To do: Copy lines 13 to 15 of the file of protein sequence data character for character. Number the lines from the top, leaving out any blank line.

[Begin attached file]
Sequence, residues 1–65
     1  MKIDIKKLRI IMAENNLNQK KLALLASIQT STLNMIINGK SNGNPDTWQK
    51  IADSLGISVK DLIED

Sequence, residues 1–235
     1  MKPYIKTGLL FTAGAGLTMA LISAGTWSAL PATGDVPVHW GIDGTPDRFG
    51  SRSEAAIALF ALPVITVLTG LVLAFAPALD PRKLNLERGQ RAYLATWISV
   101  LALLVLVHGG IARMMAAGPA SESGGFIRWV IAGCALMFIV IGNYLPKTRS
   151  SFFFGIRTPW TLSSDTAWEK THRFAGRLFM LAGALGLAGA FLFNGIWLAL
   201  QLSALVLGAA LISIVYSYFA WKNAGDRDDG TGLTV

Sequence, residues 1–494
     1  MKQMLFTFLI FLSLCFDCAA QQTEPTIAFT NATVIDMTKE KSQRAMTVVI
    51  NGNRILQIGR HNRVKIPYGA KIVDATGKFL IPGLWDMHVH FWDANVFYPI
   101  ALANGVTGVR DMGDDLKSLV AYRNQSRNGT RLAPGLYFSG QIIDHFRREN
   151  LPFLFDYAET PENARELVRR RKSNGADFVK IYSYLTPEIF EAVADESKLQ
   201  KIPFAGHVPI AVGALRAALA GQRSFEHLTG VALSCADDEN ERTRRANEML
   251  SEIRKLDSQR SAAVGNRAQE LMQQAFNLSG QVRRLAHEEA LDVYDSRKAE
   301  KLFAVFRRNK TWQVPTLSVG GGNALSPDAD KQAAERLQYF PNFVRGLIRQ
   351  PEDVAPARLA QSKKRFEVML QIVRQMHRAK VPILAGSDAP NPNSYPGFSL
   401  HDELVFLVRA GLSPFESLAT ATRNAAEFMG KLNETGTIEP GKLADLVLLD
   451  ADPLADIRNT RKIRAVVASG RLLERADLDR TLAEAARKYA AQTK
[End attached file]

   101  ALANGVTGVR DMGDDLKSLV AYRNQSRNGT RLAPGLYFSG QIIDHFRREN
   151  LPFLFDYAET PENARELVRR RKSNGADFVK IYSYLTPEIF EAVADESKLQ
   201  KIPFAGHVPI AVGALRAALA GQRSFEHLTG VALSCADDEN ERTRRANEML